It might be a sad fact that Cyclone suffered from anachronisms throughout their brief career, but they nevertheless managed to emerge as one of the best Belgian thrash outfits with only two full-lengths at their belt. While their sophomore was a tour de force in the realms of classic, albeit chunkier Bay Area thrash, complete with a characteristically dark and alluring atmosphere, back in 1986, when Bay Area thrash was just finding its way around the woodwork with cornerstones like ''Master of Puppets'', ''Reign in Blood'', ''Darkness Descends'' and ''Bonded By Blood'', the Belgians were keeping more to the German rule book, boasting a vicious, uncompromising Teutonic aesthetic which Kreator, Destruction, Sodom and Tankard were promulgating at the time, doused in speed metal. As crazed and energetic it may seem to purists, ''Brutal Destruction'' is not the most memorable piece to be excavated from its time, even though the Belgians obviously had a good head start.
Cyclone always seemed one step behind the world, which is probably why they were lost in the throngs. Had this record come out 2-3 years before its release, it would easily had been hailed as one of those cult pre-'85 recordings, with ragged production values and undiluted, sporadic speed/thrash riff ballasts supporting its cult status. But that's not the case here, since ''Brutal Destruction'' feels like an average ringlet in the whole circular universe of thrash recordings, even at a time when the genre was still fresh and malleable. Still, that's not to say ''Brutal Destruction'' is bad; while I'd still say this isn't as impressive or technical as something Dave Mustane would have crafted at the time, speedy guitar licks and delicious lead snippets inserted into a broader, savage thrashing undercurrent, Cyclone is notably 'German' here, with a sound that reminds one of the earliest Destruction and Kreator records peized randomly and stuffed into a nice speed metal cauldron, yet not as evil as some of Sodom's early recordings, stripped almost entirely from all sense of melody. Ripping, ribald muted tremolos and occasional heavier moments that borrowed a riff or two from ''Pleasure to Kill'' give the impression that the band members where still uncertain whether they should go by a more straightforward speed/thrash aesthetic or a slightly more complex hefty thrash barge (it turns out they picked the latter in the end, although not on this record) with reasonably outrageous and corny song titles (''Take Thy Breath'', ''Incest Love'', ''In the Grip of Evil''). Unmuzzled and road-driven as these riffs are, it's hard to take Cyclone too seriously, even with the evident energy bestowed upon their performance: this is 'real' 80's metal for sure, but it also feels more moderate than the higher octane body of works that was being put out at that time.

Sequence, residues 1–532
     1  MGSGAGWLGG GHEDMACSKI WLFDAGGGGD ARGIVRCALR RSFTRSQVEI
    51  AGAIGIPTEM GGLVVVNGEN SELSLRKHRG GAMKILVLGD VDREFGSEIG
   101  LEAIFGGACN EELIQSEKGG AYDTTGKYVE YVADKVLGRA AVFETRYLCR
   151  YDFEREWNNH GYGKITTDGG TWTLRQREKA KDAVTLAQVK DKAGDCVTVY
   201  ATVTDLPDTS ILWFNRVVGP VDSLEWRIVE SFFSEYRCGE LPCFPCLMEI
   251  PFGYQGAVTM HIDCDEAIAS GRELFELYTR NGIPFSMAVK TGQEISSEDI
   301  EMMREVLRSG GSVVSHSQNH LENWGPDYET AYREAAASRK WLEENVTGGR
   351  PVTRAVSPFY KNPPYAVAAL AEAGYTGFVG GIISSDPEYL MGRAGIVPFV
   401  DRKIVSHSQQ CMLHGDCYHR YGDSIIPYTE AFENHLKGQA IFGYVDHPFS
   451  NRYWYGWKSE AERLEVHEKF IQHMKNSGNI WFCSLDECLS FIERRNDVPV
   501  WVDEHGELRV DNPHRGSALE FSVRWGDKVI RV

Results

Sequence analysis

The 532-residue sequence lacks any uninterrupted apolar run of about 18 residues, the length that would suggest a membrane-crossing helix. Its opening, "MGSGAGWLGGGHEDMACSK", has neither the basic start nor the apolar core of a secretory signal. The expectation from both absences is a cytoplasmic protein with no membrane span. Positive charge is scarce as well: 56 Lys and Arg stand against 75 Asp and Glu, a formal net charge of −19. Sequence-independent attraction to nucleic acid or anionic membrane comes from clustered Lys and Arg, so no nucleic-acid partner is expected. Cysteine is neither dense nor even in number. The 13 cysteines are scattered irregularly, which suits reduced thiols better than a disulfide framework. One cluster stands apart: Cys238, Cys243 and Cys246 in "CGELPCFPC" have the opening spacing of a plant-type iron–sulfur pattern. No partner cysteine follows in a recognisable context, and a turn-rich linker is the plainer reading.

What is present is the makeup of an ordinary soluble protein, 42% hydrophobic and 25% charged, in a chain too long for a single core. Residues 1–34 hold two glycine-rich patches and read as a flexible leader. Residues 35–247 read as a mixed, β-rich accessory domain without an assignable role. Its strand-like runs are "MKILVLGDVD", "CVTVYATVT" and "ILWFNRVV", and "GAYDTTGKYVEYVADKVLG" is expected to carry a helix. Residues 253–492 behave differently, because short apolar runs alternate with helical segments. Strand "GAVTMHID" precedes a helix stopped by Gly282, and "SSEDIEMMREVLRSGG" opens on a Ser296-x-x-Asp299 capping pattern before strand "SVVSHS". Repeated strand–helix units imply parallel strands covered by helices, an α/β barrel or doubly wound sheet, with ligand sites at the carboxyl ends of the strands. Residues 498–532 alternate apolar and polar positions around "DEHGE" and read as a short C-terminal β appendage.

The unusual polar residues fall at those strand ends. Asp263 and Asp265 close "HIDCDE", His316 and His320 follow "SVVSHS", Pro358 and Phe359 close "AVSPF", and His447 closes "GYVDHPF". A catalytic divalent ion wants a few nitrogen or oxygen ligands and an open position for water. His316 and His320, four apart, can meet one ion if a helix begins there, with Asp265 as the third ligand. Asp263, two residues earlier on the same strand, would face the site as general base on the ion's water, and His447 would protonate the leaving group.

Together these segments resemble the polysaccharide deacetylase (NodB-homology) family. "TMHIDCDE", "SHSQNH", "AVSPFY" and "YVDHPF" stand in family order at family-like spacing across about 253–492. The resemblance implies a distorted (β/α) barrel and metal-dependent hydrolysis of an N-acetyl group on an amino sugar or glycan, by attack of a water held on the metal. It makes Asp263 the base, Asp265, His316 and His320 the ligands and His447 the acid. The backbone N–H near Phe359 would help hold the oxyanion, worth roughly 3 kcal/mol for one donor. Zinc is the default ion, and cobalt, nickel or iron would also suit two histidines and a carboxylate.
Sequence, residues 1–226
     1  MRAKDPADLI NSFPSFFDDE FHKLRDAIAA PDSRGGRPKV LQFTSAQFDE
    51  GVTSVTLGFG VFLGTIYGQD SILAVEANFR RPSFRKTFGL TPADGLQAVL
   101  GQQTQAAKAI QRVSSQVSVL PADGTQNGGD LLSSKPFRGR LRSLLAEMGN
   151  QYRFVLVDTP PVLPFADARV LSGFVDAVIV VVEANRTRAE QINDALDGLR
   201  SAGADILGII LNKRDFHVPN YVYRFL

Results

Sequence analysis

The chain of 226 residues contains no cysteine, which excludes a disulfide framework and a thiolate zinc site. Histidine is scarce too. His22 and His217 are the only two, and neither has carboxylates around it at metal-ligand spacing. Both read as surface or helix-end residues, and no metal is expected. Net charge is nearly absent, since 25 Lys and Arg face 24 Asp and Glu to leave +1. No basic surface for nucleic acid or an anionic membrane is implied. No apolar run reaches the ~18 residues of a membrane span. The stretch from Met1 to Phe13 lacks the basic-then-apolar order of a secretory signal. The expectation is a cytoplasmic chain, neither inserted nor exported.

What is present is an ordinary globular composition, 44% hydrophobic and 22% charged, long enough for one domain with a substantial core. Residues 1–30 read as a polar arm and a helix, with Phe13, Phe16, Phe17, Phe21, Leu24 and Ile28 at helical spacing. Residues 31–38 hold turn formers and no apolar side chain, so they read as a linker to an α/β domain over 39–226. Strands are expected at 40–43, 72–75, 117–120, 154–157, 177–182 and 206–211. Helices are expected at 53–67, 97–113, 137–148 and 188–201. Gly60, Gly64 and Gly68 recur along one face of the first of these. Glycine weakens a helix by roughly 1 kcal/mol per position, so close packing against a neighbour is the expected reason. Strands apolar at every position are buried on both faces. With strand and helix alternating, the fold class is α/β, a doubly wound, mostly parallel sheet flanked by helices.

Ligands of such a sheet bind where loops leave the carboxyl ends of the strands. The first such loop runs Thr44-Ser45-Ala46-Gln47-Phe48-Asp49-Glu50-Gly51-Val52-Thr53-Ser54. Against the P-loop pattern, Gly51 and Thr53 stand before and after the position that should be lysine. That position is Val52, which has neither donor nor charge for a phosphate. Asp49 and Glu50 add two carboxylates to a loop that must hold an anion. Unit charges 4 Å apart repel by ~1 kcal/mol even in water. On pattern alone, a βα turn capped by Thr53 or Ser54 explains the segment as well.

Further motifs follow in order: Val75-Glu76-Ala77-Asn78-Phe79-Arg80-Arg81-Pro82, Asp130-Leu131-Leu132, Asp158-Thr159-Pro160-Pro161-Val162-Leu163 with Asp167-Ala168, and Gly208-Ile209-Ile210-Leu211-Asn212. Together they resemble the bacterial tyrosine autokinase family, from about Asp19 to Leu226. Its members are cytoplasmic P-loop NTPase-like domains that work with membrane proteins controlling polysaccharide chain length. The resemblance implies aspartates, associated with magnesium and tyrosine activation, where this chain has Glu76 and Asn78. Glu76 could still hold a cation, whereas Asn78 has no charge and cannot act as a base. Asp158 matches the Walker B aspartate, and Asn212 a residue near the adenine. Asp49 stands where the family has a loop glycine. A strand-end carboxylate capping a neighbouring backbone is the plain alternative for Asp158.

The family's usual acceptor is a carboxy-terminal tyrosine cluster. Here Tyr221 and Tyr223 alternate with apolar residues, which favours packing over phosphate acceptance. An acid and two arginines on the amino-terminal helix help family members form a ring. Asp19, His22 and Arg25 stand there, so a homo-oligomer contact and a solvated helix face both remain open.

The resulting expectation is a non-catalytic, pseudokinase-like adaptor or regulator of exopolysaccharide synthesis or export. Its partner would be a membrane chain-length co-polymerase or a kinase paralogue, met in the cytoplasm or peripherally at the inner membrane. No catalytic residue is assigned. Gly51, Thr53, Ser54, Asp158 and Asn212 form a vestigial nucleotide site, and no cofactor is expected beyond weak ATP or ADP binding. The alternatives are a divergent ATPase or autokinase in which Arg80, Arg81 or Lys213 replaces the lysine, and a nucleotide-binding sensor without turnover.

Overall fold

The vocals give that frenetic Paul Bailoff effect; they're amateurish (not unlike the sophomore) but there's enough shrieking and shouting to be heard to make them enjoyable. I'm not going to lie that the guitar tone and the production levels are surprisingly impressive for a record out of 1986. The chords, the drums and even the plodding, one-dimensional base lines are all suitably integrated into the mix, and if anything, the leads, in all their frivolity, are still fairly entertaining with a sporadic blues attitude, reminiscent more of a ''Kill 'em All'' than ''Infernal Overkill''. To be honest, there are good tracks here: ''Long to Hell'' and ''Incest Love'' are both quite compilation-worthy, fiendish shouting and successively rabid riffs galore. ''Fall Under His Command'' is probably my favorite tune here, possibly because of its swirling panorama of guitar solos and a bulky, percussive main riff coupled with some more fanciful, tremolo picking episodes, but in the end, none of these tracks are really on a par with the premium material that was being released in '86-'87, nor do they cast a wide net of creative reinforcement upon the genre. Needless to say, I'd vie for the Belgians' sophomore over this any day for its sheer crushing majesty, but ''Brutal Destruction'' yet remains as one of those half-unearthed mid-80's speed/thrash gems that deserves a discovery (or rediscovery) at the hands of collectors or purists, and even beyond that it remains a spry and rampant declaration of the genre's hostility against those who supposedly flattened out its tires with tongue-in-cheek during the early 90's. Poseur-free as always.
''Fall Under His Command''
''Long To Hell''